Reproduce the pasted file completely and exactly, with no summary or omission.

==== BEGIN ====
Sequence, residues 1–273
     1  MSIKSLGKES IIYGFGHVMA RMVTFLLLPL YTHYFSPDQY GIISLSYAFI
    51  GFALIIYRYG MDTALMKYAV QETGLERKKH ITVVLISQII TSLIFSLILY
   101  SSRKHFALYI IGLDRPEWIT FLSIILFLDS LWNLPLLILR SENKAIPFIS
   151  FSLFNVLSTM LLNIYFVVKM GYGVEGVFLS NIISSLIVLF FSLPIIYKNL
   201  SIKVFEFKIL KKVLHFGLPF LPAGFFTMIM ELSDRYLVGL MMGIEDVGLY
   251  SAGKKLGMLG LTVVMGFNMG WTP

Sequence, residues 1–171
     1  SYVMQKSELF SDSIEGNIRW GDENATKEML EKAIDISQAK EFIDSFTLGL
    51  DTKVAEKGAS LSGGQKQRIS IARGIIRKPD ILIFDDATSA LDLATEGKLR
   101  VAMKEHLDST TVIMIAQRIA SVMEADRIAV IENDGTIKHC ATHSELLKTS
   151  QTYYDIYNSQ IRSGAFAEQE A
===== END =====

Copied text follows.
Sequence, residues 1–273
     1  MSIKSLGKES IIYGFGHVMA RMVTFLLLPL YTHYFSPDQY GIISLSYAFI
    51  GFALIIYRYG MDTALMKYAV QETGLERKKH ITVVLISQII TSLIFSLILY
   101  SSRKHFALYI IGLDRPEWIT FLSIILFLDS LWNLPLLILR SENKAIPFIS
   151  FSLFNVLSTM LLNIYFVVKM GYGVEGVFLS NIISSLIVLF FSLPIIYKNL
   201  SIKVFEFKIL KKVLHFGLPF LPAGFFTMIM ELSDRYLVGL MMGIEDVGLY
   251  SAGKKLGMLG LTVVMGFNMG WTP

Sequence, residues 1–171
     1  SYVMQKSELF SDSIEGNIRW GDENATKEML EKAIDISQAK EFIDSFTLGL
    51  DTKVAEKGAS LSGGQKQRIS IARGIIRKPD ILIFDDATSA LDLATEGKLR
   101  VAMKEHLDST TVIMIAQRIA SVMEADRIAV IENDGTIKHC ATHSELLKTS
   151  QTYYDIYNSQ IRSGAFAEQE A